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We Asked 3 Progressive City Councillors About How to Fight Inequality and Injustice in Canadian Cities

Broadbent Institute’s 2019 summit panel say short-term rentals, racial profiling and attacks on municipal governance are pushing cities to a ‘tipping point’

Out of control real estate markets and discriminatory policing are contributing to housing affordability crises and racial injustice in Canadian cities.

At the Broadbent Institute’s 2019 Progress Summit, a panel of three city councillors from Toronto, Halifax and Montreal discussed how illegal short-term rental units and racial profiling by city police forces are pushing cities to a “tipping point.”

Chair of the Torstar Board of Directors John Honderich, who moderated the panel, said there was “no question” the topic of cities was at the forefront of discussions about affordability and inequality.

The panelists also noted obstruction and interference from governments like the Doug Ford administration in Ontario are making it harder for municipal representatives to enact policies designed to help city residents.

PressProgress asked the panelists how city governments and residents can push back against those trends:

Kristyn Wong-Tam, Toronto City Councillor

“To me the solution is having a government that responds to and centres the needs of the people. That is what we want to see in terms of changing the way we make structural decisions. We can’t take it on as a one piece project, we’ve got to be able to change the way we do government and think about who we serve. We need residents to rise and really be participating political actors in the whole decision making process. We need to have people at the centre, and that’s the only way we can counterbalance the corporate agenda.”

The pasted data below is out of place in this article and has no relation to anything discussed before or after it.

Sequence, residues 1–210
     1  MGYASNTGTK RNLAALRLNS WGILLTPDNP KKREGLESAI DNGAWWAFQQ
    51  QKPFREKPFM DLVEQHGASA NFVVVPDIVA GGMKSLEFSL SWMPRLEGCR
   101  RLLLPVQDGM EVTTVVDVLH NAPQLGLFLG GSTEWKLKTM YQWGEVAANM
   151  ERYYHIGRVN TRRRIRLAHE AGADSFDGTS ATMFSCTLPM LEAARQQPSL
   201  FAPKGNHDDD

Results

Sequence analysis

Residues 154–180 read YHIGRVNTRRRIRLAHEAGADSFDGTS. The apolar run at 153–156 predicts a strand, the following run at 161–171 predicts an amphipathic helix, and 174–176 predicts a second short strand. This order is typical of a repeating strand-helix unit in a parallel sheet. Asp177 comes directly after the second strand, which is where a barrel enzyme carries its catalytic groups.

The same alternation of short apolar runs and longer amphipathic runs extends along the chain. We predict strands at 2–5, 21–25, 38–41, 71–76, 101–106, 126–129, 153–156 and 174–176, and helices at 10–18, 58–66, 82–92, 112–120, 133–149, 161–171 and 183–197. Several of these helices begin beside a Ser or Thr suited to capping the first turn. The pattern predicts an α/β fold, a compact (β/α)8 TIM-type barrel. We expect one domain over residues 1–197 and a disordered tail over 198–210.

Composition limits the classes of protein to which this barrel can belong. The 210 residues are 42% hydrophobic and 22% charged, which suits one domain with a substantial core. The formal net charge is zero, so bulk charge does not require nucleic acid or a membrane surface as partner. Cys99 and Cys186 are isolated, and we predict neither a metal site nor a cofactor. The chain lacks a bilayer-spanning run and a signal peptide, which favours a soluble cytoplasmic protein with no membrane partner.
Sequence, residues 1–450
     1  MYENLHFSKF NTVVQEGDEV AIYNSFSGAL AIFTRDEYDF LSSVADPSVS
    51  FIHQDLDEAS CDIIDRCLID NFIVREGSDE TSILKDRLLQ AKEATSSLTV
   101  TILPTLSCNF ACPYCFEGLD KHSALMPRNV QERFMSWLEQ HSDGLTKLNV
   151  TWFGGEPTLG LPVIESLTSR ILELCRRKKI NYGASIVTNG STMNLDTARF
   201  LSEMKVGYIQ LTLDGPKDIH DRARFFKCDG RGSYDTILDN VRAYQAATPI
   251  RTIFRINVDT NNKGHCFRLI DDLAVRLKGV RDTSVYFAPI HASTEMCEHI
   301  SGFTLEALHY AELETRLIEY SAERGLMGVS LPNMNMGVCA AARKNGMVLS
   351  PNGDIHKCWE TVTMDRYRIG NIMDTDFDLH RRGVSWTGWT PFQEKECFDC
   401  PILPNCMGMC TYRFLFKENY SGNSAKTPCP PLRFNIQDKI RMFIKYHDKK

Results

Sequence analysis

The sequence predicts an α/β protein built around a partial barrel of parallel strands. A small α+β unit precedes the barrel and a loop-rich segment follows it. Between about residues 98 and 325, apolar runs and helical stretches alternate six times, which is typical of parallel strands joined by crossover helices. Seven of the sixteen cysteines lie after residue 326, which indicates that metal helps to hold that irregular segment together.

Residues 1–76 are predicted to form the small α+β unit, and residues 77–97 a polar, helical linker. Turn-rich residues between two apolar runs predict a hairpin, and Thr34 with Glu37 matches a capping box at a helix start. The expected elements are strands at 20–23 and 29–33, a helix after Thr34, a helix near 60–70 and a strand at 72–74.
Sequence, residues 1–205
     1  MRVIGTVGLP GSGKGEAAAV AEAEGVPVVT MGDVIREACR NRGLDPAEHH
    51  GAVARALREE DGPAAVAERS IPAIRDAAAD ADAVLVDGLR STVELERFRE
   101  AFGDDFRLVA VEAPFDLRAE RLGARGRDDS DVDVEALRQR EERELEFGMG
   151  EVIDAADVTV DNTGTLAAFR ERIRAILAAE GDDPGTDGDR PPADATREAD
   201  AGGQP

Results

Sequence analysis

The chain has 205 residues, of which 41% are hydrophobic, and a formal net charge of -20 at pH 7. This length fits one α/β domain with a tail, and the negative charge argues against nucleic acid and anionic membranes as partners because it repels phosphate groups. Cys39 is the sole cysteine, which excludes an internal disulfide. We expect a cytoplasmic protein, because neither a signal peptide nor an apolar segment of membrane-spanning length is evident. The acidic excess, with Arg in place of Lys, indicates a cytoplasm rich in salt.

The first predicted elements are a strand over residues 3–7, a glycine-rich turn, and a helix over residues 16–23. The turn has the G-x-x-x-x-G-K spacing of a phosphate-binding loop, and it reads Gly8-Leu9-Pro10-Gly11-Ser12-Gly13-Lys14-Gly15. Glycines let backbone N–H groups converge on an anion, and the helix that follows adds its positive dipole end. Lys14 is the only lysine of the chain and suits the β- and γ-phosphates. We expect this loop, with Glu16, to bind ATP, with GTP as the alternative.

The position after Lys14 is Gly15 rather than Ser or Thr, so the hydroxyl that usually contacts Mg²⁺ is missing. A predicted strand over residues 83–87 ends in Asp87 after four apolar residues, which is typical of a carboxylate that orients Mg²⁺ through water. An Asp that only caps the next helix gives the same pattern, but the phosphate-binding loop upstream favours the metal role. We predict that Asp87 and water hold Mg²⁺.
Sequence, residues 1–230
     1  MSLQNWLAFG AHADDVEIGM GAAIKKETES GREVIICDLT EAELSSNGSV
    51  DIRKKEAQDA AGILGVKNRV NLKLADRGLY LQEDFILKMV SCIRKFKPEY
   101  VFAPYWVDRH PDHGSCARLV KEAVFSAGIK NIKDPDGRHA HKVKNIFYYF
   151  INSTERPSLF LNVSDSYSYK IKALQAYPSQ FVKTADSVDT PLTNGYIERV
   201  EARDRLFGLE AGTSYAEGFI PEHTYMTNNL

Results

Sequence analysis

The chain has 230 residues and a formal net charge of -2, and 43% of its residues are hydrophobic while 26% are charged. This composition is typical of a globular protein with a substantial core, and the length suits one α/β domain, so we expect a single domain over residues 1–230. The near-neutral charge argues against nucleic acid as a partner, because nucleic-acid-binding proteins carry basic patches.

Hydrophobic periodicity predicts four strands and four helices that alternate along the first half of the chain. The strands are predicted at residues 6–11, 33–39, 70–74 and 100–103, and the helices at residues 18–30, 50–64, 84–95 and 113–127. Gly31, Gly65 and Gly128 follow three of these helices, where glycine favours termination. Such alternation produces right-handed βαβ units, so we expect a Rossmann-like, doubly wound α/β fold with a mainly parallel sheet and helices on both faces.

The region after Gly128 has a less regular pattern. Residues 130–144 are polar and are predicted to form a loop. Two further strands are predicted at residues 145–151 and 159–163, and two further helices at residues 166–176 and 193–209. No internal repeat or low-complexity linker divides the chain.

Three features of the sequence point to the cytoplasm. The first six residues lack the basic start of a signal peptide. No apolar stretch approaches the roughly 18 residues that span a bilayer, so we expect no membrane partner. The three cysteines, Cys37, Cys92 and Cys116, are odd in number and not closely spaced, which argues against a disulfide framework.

Lindell Smith, Halifax Regional Municipality Councillor

“When it comes to short-term rentals, it really comes down to regulation … We’re seeing people being affected, we’re seeing housing being lost, you’re losing opportunity to contribute more in property taxes where they sell their house and buy a new one…when it comes to racial issues, hiring practices is one thing…making sure that you’re screening people that have a racial bias, at the first stage, before they even get further down when it comes to the process of policing.”

Richard Ryan, Montréal City Councillor

“Our plan was to create 12,000 housing units, but we realized that illegal Airbnb rental represent up to 5,000 units, so we’ve decided to tighten the mapping of authorized areas and check properties in order to fine illegal or solely commercial Airbnbs in order to facilitate our goal.”

 

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